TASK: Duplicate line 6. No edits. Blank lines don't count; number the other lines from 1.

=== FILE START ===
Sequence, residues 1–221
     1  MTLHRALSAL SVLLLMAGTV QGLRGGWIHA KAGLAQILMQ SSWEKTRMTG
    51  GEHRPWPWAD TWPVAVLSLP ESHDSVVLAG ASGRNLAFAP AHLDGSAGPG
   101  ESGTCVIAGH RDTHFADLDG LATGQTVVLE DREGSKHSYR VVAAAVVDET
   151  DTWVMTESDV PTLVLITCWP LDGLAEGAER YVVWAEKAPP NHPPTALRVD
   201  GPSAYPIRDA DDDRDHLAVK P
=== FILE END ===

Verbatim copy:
   201  GPSAYPIRDA DDDRDHLAVK P